Skepticism and outright denial of global warming are among the articles of faith of the Tea Party movement, here in Indiana and across the country. For some, it is a matter of religious conviction; for others, it is driven by distrust of those they call the elites. And for others still, efforts to address climate change are seen as a conspiracy to impose world government and a sweeping redistribution of wealth. But all are wary of the Obama administration’s plans to regulate carbon dioxide, a ubiquitous gas, which will require the expansion of government authority into nearly every corner of the economy.
Any of you fall into these categories?
Ah, well. At least they are "thinking" as opposed to simply letting their emotions run away with them:)
Wednesday, October 20, 2010
Austan Goolsbee is the chairman of President Obama's Council of Economic Advisors. He is the Robert P Gwinn Professor of Economics at the University of Chicago, Booth School of Business (currently on leave while he works for the president). He is a centrist and primarily focuses on human behavior as it relates to economics.
Tuesday, October 19, 2010
No. A corporation is not a person by any commonsense definition, most specifically because it is not a citizen.
Over the past few years the right has rationalized that illegal immigrants and terror suspects have no rights because they are not citizens. We are, as the argument goes, therefore free to expel, imprison and interrogate them as we see fit.
Consistently applying this rationale to corporations means that the only rights they should have are the rights that are bestowed upon them by the laws that govern their creation and operation. By any commonsense definition corporations are not people and the government is free to dictate restrictions on their behavior, which it still does in excruciating detail.
Unlike citizens, corporations are not mentioned in the Constitution. Nothing in the Constitution says that a corporation is a person. They are given no rights by the Constitution. A slave (euphemistically called a person "bound to Service for a Term of Years") is worth three-fifths of a person. A corporation? Zero.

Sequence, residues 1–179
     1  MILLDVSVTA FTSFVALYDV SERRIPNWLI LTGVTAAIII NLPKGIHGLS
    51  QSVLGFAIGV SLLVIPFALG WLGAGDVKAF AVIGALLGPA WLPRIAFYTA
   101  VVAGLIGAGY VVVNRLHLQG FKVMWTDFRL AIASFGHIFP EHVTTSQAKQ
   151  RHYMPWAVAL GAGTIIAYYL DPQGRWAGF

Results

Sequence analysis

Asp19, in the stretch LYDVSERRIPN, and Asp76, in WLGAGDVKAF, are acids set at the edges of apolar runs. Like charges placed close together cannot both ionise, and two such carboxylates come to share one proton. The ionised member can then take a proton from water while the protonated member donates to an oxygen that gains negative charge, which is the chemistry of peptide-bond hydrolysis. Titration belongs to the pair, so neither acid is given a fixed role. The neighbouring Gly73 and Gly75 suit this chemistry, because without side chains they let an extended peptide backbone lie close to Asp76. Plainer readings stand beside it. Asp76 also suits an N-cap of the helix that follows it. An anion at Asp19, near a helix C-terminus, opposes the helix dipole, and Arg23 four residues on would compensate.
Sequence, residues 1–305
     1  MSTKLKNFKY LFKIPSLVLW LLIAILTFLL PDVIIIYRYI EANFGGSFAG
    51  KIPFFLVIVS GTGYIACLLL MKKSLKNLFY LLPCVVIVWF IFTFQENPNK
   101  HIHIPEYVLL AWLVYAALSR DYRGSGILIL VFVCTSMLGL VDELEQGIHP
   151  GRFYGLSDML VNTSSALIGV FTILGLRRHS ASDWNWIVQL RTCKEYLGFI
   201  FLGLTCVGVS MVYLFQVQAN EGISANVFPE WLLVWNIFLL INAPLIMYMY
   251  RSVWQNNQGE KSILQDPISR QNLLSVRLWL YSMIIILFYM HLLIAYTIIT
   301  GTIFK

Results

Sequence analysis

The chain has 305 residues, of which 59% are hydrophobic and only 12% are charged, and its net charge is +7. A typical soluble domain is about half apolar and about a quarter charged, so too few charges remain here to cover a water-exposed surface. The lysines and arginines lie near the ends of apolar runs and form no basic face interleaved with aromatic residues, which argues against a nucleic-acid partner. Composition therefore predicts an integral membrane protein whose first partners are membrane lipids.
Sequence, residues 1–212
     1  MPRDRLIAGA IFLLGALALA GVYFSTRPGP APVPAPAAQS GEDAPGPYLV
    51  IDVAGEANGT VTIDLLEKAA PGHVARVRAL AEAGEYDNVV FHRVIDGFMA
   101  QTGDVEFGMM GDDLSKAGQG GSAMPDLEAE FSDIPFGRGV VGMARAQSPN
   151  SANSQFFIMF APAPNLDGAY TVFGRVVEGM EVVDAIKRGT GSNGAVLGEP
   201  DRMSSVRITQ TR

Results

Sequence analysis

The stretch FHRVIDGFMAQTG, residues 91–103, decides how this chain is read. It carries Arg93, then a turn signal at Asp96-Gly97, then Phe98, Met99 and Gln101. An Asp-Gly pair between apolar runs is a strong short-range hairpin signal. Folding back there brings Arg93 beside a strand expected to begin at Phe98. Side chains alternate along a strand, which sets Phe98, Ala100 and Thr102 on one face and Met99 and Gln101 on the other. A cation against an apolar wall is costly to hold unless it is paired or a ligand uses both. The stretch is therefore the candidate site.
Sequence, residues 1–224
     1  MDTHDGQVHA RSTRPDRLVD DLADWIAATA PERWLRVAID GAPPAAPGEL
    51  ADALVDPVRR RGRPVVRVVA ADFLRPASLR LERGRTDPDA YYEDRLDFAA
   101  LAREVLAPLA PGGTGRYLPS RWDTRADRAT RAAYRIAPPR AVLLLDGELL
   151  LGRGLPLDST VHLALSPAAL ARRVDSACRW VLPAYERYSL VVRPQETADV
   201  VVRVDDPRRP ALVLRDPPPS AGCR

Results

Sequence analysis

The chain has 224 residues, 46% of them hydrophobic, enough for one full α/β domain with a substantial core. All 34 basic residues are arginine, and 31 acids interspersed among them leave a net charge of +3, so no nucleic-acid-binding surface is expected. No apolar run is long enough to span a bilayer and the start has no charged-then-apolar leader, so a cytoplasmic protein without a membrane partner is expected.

If fact, corporations as they exist today did not exist at the time the Constitution was written. They did not become "artificial persons" that "possess individuality and immortality" until 1819 in another notorious Supreme Court decision.
Corporations exist solely to allow individuals to band together to avoid personal responsibility for collective actions. In particular, corporations are formed (in preference to partnerships) to avoid personal financial liability in the event of bankruptcy or other legal responsibility. This isn't evil or bad, it's necessary to run a business. But it's the reason why corporations aren't people.
As long as the officers of a corporation don't mix personal and corporate finances, and commit no crimes, they can run a company into bankruptcy and walk away without personal consequences. For example: let's say the officers of MegaMaint, a large building maintenance services corporation, build a new building with fancy offices for themselves and a fleet of nice new trucks, all with big loans from a bank. The building -- built by the lowest bidder -- has huge cost overruns, is poorly constructed and eventually collapses before completion. The trucks all break down -- lowest bidder again. MegaMaint goes bankrupt. The assets of the company are liquidated and the bank gets almost nothing. The bank goes after building contractor and the truck company, but they declare bankruptcy and their corporate officers skip out as well.
Now let's say that Jim is a small businessman who runs a sole-proprietor window-cleaning business. He doesn't have the money or wherewithal to hire a lawyer and set up a corporation. Jim borrows money from the bank to build a new outbuilding and a new truck. Then he falls off his ladder and breaks his back. Jim doesn't have health insurance because he's in a high-risk occupation and the premiums are too high. He goes bankrupt from medical bills and lost income.
The difference between the MegaMaint CEO and Jim is that Jim is on the hook for everything. The bank and the hospital can go after everything Jim and his wife own in bankruptcy proceedings: their house, their bank account, their lake cabin, her jewelry, their stereo, their TV. They are forced to sell their house and property to pay off the bank loan and the medical bills.